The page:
I am first and foremost a teacher educator since I strongly believe that excellent teachers can make a tremendous impact on the lives of individuals. I am looking forward to sharing my passion for teacher education with you.



  • Brown, J., & Mckay, S. (2016). Teaching and Assessing EIL in Local Contexts Around the World. New York: Routledge.
  • Alsagoff, L., Hu, G., Mckay, S., & Renandya, W. (2012) (Eds.). Teaching English as an International Language: Principles and Practices.New York: Routledge.
  • Hornberger, N., & Mckay, S. (2010) (Eds.). Sociolinguistics and Language Education. Clevedon: Multilingual Matters.
  • Bokhorst-Heng, W., & Mckay, S. (2008). International English in its Sociolinguistic Contexts: Towards a Socially Sensitive Pedagogy. New York: Frances Taylor.
  • Mckay, S. (2006). Researching Second Language Classrooms. Mahwah: Lawrence Erlbaum Associates.
  • Mckay, S. (2002). Teaching English as an International Language: Rethinking Goals and Approaches. Oxford University Press.
  • Mckay, S., & Wong, S. (2000). New Immigrants in the US: Readings for Second Language Educators. Cambridge: Cambridge University Press.
  • Hornberger, N., & Mckay, S. (1996) (Eds.). Sociolinguistics and Language Teaching. Cambridge: Cambridge University Press.
  • Mckay, S. (1993). Agendas for Second Language Literacy. Cambridge: Cambridge University Press.
  • Mckay, S. (1992). Teaching English Internationally: An Introduction. Oxford: Oxford University Press.
  • Mckay, S., & Wong, S. (1988). Language Diversity: Problem or Resource? New York: Newbury House Publishers.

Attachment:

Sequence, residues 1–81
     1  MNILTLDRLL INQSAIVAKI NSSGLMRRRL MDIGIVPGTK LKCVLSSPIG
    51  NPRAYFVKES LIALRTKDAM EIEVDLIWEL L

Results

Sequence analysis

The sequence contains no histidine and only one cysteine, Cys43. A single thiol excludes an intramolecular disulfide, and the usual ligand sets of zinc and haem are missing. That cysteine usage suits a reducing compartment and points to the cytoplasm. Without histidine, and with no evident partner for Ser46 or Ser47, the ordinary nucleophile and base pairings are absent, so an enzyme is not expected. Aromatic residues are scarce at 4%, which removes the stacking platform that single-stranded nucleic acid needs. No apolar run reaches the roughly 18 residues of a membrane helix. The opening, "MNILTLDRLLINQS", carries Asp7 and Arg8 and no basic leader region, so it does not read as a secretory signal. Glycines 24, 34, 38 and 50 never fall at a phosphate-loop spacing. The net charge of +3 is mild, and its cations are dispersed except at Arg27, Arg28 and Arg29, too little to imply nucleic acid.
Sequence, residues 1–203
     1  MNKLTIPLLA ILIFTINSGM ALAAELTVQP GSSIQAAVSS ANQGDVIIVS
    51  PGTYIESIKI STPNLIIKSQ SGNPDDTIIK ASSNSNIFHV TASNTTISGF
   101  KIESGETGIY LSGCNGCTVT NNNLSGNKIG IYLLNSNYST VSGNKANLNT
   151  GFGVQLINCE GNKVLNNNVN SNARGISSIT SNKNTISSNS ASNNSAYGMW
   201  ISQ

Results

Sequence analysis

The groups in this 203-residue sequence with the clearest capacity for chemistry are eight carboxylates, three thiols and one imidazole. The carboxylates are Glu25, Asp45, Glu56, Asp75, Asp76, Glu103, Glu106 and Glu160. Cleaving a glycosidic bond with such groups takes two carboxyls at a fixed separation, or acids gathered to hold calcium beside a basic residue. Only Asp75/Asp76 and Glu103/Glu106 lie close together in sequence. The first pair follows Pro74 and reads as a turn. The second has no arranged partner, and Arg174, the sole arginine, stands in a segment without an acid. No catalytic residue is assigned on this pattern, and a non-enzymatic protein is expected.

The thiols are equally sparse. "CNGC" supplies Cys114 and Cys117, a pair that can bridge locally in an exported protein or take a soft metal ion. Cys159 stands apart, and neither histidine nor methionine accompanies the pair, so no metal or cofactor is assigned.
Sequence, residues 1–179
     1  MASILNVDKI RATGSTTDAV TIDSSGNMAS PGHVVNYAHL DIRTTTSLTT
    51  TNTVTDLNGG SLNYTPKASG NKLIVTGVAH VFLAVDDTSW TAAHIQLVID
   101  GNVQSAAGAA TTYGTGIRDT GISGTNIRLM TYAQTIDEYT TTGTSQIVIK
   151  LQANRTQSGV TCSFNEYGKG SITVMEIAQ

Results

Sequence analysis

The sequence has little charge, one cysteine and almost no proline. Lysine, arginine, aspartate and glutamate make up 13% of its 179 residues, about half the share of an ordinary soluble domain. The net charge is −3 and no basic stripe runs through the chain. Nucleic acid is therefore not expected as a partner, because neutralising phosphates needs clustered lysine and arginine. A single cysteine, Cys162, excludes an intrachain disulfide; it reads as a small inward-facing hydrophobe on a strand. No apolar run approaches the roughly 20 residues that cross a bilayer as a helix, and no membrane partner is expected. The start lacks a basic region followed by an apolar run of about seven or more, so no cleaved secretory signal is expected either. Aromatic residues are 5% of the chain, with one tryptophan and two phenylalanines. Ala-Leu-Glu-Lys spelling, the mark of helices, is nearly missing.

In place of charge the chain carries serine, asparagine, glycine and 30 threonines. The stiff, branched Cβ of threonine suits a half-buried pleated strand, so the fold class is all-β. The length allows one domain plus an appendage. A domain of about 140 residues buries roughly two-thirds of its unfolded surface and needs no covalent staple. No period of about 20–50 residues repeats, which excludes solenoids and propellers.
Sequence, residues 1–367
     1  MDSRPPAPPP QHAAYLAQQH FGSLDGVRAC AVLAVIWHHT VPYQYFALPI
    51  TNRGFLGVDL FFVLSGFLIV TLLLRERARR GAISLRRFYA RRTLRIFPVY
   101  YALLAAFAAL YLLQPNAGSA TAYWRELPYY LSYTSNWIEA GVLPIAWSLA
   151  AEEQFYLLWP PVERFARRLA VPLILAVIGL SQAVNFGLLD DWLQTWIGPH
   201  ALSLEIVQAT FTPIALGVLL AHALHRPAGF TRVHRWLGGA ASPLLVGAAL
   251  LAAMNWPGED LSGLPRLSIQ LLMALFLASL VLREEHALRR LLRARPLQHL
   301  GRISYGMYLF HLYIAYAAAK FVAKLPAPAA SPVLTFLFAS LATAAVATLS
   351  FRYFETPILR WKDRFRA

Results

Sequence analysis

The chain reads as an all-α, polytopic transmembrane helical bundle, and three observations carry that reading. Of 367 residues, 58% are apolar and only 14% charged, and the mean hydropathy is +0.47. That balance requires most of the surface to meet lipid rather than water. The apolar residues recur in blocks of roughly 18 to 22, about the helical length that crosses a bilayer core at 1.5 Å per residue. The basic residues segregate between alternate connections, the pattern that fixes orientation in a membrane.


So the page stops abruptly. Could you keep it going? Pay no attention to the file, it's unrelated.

Natsuko Shintani,  Ph.D.

Associate Professor: TESOL

Dr. Natsuko Shintani is a TESOL Associate Professor in the Anaheim University Graduate School of Education. She obtained her Ph.D. from the University of Auckland in 2011. She has worked as a language teacher in Japan and New Zealand, including in her own private language school for children. Her research interests include task-based language instruction, the role of interaction in second language acquisition and written corrective feedback. She has also worked on several meta-analysis studies of form-focused instruction. She has published widely in leading journals and is currently working on a single-authored book, The Role of Input-Based Tasks in Foreign Language Instruction for Young Learners, to be published by John Benjamins.

John Macalister, Ph.D

Professor: TESOL

John Macalister is a TESOL Professor at Anaheim University and Head of the School of Linguistics and Applied Language Studies at Victoria University of Wellington, New Zealand, and immediate past president of the Applied Linguistics Association of New Zealand. His work in language curriculum design and language teaching methodology have been highlighted in two books published by Routledge and co-authored with Professor Paul Nation. One of the defining characteristics of John’s work is the link between research and practice with a recent example being the design of an English curriculum for trainee seafarers in Kiribati, an island republic in the Central Pacific.As well as Kiribati and New Zealand, John has worked in Namibia, Thailand, Cambodia and Vanuatu.

Kia ora tatou, and welcome. I’m excited to begin teaching on the TESOL program at Anaheim, and look forward to getting to know you and to learn about the challenges in your part of the world over the next few weeks.


  • John Macalister, I.S.P. Nation. (2011) Case Studies in Language Curriculum Design. New York:Routledge.
  • I.S.P Nation, John Macalister. (2009) Language Curriculum Design. New York:Routledge.